Spider bites. They’re widely feared, commonly misunderstood, and blindly accepted as fatal in all circumstances, which unfortunately leads to the viral-like widespread fear of spiders in the human race. Let’s find out why this is all kinds of wrong.
Spiders won’t bite you unless you actively terrorize them and provoke them to do it, such as chasing them with your shoe into a corner and leaving the creature with no choice, or by accident, such as putting your shoe on when a spider is inside. If you get bitten, it’s either an accident, or you deserve it, and you won’t even get more than a bit of swelling and some localized stinging, save for a few exceptions that I’ll get into later.
Spider venom is meant to subdue and kill other insects, or creatures the size of insects. We are hundreds of times bigger than any insect a spider is going to need to kill. The venom is, normally, highly ineffective to our bodies simply because we’re not bugs, and we’re so big, and our immune system fights the venom rapidly after it’s injected. Of course, there are exceptions to this rule, which are understood by science.
"But Kamoe, black widows and brown recluses are deadly!" No, black widows aren’t deadly to healthy adults, but they can be dangerous to children and the elderly because of the weakened immune system being unable to fight the venom. If you’re healthy, a black widow bite will make you nauseous, might cause some cramping around the bite area, and a small dot of dead skin around the actual bite. Brown recluse bites are painful, and will result in a condition called Loxoscelism, which causes the bite to become necrotic. Necrotic tissue, when left untreated, can progress into necrotizing fasciitis, and lead to sepsis or toxic shock syndrome. This process is slow, if you realize you were bitten by a brown recluse, seek medical attention because it COULD become much more complicated. However, with treatment, the bite will not be fatal. Those horror stories of people dying by horrible necrosis from a brown recluse bite are because they were too stupid to go to a hospital when the necrosis was small enough to be managed, they waited until they developed a large case of arachnogenic necrosis and blamed it on the spider.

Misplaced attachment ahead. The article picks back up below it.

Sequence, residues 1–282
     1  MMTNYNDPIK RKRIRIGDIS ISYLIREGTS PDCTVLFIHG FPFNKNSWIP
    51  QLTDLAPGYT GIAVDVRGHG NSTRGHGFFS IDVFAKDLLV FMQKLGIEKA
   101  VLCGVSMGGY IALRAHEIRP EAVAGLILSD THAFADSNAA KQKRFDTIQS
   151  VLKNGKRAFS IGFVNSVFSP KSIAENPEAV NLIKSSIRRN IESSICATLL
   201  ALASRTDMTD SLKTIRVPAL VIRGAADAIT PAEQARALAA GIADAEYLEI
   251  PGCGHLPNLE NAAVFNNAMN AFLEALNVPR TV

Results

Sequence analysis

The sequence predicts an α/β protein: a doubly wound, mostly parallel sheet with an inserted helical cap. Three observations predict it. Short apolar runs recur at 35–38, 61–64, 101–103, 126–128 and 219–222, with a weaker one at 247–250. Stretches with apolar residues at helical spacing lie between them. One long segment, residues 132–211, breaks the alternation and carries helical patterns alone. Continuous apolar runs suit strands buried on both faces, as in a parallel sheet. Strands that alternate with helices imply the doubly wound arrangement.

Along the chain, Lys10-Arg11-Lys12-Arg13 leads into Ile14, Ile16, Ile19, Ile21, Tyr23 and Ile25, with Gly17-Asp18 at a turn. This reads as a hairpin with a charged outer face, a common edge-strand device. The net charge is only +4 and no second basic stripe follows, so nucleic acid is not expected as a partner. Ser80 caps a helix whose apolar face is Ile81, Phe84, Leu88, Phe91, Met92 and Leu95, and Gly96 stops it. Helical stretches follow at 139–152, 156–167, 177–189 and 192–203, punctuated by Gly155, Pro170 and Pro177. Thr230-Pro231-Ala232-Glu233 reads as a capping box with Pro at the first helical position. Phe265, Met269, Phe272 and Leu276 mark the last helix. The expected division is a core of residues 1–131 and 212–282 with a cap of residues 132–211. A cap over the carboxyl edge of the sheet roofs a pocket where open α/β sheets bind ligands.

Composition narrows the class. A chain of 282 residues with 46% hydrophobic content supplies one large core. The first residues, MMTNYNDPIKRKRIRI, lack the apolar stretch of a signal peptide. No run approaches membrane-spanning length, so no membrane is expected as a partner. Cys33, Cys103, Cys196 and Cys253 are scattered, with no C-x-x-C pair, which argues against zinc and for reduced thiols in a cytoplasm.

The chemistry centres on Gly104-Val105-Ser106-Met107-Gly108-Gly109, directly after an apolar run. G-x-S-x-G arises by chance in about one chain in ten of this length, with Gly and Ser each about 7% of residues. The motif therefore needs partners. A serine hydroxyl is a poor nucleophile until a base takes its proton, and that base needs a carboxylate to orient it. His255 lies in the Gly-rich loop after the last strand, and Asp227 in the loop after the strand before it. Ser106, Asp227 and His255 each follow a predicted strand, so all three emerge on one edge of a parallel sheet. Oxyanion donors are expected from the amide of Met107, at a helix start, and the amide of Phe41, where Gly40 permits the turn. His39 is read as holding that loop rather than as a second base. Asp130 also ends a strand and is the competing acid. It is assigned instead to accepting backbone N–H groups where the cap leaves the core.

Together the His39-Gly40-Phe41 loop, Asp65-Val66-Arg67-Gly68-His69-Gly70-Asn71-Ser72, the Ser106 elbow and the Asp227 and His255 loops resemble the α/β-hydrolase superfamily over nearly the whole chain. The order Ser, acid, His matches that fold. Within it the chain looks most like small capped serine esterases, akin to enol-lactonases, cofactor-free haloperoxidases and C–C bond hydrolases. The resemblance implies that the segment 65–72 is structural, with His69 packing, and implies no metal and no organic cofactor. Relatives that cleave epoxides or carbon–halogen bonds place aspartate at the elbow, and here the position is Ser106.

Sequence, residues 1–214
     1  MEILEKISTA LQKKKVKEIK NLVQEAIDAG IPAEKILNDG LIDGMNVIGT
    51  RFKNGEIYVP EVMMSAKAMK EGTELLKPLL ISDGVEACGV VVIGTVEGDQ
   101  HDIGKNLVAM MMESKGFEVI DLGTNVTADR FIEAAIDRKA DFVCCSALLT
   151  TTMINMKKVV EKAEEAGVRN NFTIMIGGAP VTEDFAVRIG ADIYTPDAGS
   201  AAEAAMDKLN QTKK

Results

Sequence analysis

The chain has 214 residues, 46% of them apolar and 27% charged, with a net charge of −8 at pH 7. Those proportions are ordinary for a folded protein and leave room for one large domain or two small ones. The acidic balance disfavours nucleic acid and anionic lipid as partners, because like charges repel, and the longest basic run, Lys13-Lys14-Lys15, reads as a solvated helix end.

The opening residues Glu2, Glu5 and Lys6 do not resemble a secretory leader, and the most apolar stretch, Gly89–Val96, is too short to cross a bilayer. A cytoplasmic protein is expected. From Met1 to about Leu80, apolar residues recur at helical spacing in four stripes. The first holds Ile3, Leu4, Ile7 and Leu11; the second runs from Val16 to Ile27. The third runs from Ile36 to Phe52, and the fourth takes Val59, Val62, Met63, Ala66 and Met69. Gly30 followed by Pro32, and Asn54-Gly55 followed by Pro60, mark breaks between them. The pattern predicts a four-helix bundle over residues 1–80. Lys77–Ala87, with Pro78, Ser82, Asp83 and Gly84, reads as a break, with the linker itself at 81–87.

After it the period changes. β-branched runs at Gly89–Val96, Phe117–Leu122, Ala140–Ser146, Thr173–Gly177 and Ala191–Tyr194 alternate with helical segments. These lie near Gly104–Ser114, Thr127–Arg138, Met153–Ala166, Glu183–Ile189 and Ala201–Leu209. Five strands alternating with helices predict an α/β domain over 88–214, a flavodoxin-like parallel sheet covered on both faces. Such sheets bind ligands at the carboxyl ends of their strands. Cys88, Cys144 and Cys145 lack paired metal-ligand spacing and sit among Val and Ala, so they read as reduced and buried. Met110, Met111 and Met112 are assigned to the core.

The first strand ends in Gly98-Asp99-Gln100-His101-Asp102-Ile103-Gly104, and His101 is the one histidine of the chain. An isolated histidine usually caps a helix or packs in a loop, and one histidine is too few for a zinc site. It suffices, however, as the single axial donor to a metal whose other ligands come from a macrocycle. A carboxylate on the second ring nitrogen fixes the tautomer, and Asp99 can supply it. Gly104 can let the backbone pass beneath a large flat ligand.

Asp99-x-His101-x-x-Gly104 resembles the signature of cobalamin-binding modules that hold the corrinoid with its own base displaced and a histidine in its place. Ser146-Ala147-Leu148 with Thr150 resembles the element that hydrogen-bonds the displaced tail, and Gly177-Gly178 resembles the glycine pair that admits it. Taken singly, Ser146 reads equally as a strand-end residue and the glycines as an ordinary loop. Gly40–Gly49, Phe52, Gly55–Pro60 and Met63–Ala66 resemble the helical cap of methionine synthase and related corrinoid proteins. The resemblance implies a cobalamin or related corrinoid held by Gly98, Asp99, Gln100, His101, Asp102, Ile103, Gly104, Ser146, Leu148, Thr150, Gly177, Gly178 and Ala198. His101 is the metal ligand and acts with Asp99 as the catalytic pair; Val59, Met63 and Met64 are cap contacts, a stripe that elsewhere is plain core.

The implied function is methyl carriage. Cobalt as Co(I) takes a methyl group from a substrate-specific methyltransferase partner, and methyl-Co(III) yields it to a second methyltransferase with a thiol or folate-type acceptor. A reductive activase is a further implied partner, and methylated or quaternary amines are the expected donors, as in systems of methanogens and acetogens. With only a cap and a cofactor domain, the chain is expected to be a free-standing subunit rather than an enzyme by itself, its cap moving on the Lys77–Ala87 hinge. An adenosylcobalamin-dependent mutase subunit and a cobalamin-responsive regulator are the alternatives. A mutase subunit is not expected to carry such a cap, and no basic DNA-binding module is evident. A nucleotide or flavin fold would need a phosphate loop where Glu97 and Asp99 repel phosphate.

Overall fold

Sydney Funnel Web spiders get their own paragraph because they’re unique. They’re highly aggressive, and very dangerous. Why? Their environment is hostile. They compete with many other predators for their prey items, they need defense against potential predators trying to eat THEM. The venom is strong enough to kill an adult without immediate treatment. Why is the venom so powerful against humans? It’s literally a coincidence. The proteins and toxins in the venom just HAPPEN to be extremely dangerous to primates. Thankfully, after the antivenom was made widely available, there has not been a single death attributed to the sydney funnel web spider since.
Repeat after me: TARANTULAS. ARE. NOT. DEADLY. Tarantulas are very big spiders, they look imposing and dangerous, but they are anything but, UNLESS you provoke them. Tarantula venom can vary from “doesn’t hurt at all” to “you’d wish you were actually dead” but none of it will kill you, because it’s not MADE to kill you. No one has ever died from a bite from anything in the Theraphosidae family, that means anything that is scientifically identified as a tarantula. Tarantulas also will not bite without sufficient, and I mean SUFFICIENT, provocation. As a first line of defense, they’ll run. If they cannot outrun it, some species will resort to flicking irritating hairs from their butts, they’re like fiberglass to your eyes and lungs, getting them in your eyes can damage your lense, and even cause blindness, in your mouth and nose will cause your nose to itch and burn, and your throat can close up, on the skin they cause an intense rash. If the hairs will not deter you, which I’m sure they will, they will rear up, and throw a threat posture with their legs in the air and fangs bared, then begin to strike with their legs FIRST, if the false strikes fail to deter you by then, they will resort to a bite and evenomate accordingly. Some species, typically found in south america or in africa/europe, will stand their ground to a threat and skip straight to the threat posture with false striking first, then a real bite. Some species will even hiss while in the threat posture. A tarantula, or any spider for that matter, will do WHATEVER it takes to preserve it’s venom, as venom is very precious to the animal.
Just remember, a spider has MUCH better things to do than waste it’s venom on you because you feel like poking it. If you see one, just leave it alone, unless you know how to safely handle them.